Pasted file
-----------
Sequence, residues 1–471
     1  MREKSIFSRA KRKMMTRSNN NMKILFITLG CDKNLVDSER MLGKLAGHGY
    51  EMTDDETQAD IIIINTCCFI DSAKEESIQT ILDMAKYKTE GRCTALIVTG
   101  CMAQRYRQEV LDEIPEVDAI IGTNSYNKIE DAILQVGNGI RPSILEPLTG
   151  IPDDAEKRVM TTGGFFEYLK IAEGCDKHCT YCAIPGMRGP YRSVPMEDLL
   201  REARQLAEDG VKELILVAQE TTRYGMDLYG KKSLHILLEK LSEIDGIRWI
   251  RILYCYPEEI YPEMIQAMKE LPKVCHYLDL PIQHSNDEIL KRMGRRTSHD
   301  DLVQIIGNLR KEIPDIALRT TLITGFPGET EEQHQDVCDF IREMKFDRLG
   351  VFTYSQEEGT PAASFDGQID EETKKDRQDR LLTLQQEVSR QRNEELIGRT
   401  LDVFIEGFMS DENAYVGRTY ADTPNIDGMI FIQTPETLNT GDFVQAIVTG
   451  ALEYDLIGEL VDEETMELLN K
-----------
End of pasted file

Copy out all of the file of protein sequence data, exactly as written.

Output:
Sequence, residues 1–471
     1  MREKSIFSRA KRKMMTRSNN NMKILFITLG CDKNLVDSER MLGKLAGHGY
    51  EMTDDETQAD IIIINTCCFI DSAKEESIQT ILDMAKYKTE GRCTALIVTG
   101  CMAQRYRQEV LDEIPEVDAI IGTNSYNKIE DAILQVGNGI RPSILEPLTG
   151  IPDDAEKRVM TTGGFFEYLK IAEGCDKHCT YCAIPGMRGP YRSVPMEDLL
   201  REARQLAEDG VKELILVAQE TTRYGMDLYG KKSLHILLEK LSEIDGIRWI
   251  RILYCYPEEI YPEMIQAMKE LPKVCHYLDL PIQHSNDEIL KRMGRRTSHD
   301  DLVQIIGNLR KEIPDIALRT TLITGFPGET EEQHQDVCDF IREMKFDRLG
   351  VFTYSQEEGT PAASFDGQID EETKKDRQDR LLTLQQEVSR QRNEELIGRT
   401  LDVFIEGFMS DENAYVGRTY ADTPNIDGMI FIQTPETLNT GDFVQAIVTG
   451  ALEYDLIGEL VDEETMELLN K